Since 2004, a task force of national-security experts and budget analysts have joined forces to make the case for a unified security budget, one that rebalances U.S. security resources between offense (military forces), defense (homeland security), and prevention (nonmilitary international engagement). The latest report of the USB builds on this past work, but includes some new elements that I think are worthy of particular attention. (Full disclosure: I have worked with and respect many of the members of the USB task force, including principal authors Miriam Pemberton and Larry Korb, and was a member of the task force last year. I did not participate this year.)
One need not agree with all of the claims in the report to derive valuable insights from it. For example, I doubt that prevention works as well as the authors claim, or that it would work much better if the budget for nonmilitary aspects of security were increased dramatically. I question the wisdom of increasing federal spending on alternative energy. I agree that we spend too much money on the military, but think that if we ever actually reduce the Pentagon's budget, those savings should be returned to taxpayers through tax cuts and deficit reduction (to the extent that deficits are a form of deferred taxation).
But these are mere quibbles. The report advances three major arguments that I endorse wholeheartedly.
1) Our concepts of security, which is to say our beliefs about what makes us secure, are too heavily weighted toward the military. The disparity is reflected in the annual budgets for DoD, DHS, State, and other national security agencies. The federal government spends $12 engaging the world militarily vs. every one dollar spent on all other forms of peaceful, noncoercive engagement. This doesn't account for hundreds of billions of dollars in private, nongovernmental engagement, from contributions by NGOs and private charities to spendng by businesses and tourists, but the fact remains: the U.S. military's budget dwarfs that of any other entity, private or public. It is inevitable, therefore, that the military crowds out other forms of global engagement.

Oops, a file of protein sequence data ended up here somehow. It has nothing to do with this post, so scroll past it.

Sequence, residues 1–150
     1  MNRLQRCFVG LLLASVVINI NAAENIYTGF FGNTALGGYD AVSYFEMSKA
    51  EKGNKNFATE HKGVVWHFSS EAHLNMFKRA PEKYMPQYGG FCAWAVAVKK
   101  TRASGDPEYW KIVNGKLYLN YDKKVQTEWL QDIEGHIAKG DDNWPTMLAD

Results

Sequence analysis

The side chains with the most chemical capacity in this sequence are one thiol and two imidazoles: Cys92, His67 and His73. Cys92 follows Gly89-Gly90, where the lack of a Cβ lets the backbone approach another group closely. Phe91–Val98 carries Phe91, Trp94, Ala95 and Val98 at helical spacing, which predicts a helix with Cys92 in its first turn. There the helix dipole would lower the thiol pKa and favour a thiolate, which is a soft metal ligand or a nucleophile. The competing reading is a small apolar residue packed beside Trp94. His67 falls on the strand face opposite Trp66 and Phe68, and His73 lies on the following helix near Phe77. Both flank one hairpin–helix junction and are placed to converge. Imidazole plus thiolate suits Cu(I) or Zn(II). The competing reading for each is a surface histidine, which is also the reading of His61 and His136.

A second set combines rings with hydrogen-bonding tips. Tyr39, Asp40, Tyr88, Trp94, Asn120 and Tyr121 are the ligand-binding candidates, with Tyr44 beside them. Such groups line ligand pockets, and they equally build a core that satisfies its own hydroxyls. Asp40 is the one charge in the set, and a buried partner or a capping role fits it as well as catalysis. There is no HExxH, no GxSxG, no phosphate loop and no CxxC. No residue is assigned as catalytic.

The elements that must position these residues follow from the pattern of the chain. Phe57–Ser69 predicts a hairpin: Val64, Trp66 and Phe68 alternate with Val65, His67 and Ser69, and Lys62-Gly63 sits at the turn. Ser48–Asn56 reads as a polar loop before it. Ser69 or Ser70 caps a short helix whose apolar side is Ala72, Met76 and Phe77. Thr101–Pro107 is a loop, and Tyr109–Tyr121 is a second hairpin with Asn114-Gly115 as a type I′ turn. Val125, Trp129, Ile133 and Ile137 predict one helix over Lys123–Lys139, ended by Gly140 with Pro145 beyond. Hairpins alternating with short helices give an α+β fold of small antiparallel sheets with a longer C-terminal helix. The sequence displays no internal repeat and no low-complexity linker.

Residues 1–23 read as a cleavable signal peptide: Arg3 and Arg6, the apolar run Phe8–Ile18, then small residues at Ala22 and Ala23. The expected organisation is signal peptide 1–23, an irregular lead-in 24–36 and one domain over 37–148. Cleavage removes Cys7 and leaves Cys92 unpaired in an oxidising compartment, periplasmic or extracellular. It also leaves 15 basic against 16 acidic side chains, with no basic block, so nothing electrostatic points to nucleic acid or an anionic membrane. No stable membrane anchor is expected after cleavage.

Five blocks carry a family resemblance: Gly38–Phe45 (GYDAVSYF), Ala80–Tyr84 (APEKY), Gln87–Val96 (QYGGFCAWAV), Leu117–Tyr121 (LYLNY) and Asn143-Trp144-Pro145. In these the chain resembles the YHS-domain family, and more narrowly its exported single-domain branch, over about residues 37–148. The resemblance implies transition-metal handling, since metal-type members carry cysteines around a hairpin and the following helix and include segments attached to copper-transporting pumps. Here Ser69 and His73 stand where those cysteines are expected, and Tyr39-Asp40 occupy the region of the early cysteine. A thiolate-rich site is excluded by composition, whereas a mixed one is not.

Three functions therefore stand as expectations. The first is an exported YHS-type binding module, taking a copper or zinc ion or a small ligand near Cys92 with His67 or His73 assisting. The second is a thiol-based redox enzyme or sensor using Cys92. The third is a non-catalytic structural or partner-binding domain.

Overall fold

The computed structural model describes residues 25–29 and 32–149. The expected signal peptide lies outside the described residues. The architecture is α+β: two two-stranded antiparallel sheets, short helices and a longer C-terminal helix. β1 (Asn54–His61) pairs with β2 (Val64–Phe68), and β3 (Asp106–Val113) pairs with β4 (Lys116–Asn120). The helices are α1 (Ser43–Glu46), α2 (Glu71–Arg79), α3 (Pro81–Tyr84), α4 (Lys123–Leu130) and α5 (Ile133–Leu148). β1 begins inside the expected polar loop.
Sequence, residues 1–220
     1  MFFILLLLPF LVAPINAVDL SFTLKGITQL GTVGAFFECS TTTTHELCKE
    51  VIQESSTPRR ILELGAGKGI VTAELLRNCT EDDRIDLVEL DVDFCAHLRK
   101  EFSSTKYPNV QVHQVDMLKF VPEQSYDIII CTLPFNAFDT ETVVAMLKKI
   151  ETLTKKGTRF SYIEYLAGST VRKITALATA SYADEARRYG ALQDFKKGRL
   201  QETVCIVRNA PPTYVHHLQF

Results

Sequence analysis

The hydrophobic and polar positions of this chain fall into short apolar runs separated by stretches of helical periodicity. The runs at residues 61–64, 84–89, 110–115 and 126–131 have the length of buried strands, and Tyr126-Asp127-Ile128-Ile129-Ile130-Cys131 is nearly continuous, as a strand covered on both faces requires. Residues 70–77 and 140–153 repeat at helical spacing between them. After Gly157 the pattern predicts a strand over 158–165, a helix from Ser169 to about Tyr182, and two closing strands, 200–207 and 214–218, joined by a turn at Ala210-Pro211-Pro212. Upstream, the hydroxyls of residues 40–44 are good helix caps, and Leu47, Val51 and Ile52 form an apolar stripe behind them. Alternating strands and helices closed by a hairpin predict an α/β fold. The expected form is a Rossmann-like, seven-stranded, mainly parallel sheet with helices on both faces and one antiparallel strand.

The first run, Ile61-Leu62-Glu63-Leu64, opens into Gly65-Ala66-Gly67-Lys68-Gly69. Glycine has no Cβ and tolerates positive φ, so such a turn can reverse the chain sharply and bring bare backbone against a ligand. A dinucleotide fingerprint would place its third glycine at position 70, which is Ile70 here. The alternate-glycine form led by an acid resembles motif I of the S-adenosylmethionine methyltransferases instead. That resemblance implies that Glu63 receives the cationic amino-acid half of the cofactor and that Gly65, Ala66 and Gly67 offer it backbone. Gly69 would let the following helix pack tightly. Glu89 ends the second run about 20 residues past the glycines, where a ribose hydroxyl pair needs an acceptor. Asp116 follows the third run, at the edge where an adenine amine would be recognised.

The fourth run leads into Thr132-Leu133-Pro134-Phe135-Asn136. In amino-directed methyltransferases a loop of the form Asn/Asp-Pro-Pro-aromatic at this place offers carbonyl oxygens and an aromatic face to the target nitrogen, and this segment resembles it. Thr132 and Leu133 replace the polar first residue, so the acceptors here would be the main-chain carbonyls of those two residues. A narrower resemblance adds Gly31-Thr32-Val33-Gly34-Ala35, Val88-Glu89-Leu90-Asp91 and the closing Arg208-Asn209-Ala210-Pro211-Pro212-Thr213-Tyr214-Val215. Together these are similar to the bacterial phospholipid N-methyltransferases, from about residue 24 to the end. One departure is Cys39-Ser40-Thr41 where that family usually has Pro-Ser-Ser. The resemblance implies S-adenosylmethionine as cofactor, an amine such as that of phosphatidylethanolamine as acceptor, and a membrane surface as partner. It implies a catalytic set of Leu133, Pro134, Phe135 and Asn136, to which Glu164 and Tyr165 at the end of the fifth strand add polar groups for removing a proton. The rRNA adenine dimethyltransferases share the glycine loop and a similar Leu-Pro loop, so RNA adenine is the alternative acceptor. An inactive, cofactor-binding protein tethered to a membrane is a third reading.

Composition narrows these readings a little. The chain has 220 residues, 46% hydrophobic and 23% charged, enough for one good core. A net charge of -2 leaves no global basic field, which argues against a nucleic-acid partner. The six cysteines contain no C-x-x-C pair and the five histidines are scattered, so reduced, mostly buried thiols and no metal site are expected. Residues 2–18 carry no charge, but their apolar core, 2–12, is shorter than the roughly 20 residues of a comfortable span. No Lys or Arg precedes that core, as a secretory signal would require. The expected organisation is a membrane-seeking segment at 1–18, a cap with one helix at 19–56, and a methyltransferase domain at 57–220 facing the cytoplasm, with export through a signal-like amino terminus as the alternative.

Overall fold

2) The vast sums allocated to the military do not necessarily make for a more capable military. As with past reports, the USB has compiled an invaluable list of troubled or very costly weapons systems that should be scrutinized, or killed outright. These include the Virginia Class submarine, the V-22 Osprey, and the F-35 Joint Strike Fighter. The authors revisit personnel costs and force structure. They call for additional reductions in the nuclear arsenal. And they note that spending for research, development, test and evaluation (RDT&E) has grown by more than 50 percent in real terms since 2001. A cut of $10 billion would leave the Pentagon with an RDT&E budget larger than at the peak of the Reagan build up in 1987. I have relied on the USB's insights and analysis for my own research, and will surely do so again.
3) If we are serious about shifting resources away from the military, we must review its roles and missions. This section, not included in previous reports, notes how the U.S. military's mission set has expanded dramatically since the 1990s, and especially post-9/11. Washington policy makers have become more ambitious, both in terms of what they aim to accomplish and where they aim to accomplish it. The military is the primary instrument that they employ. The report asks: To what end?
The increased dependence on military power for purposes other than simple defense and deterrence raises issues of effect and effectiveness. These must be taken into account when trying to figure an optimal balance among security instruments.
How reliably and at what cost does a particular type of military activity produce an intended effect? And what is the corresponding risk of negative collateral effects? (my emphasis)
This section, drafted by Carl Conetta of the Project on Defense Alternatives (and also the principal author of the Sustainable Defense Task Force report), is particularly insightful. Conetta candidly assesses three broad objectives for which U.S. military power is often deemed essential—threat prevention; "environment shaping"; and counter-insurgency, nation building and military assistance—and concludes that the underlying rationales for each are less than airtight. Rather than republishing the passages at length here, I encourage you to read the report.
My thanks and congratulations go out to all of the members of the USB task force for their work, but especially to Miriam and Larry for their leadership of this project over the years.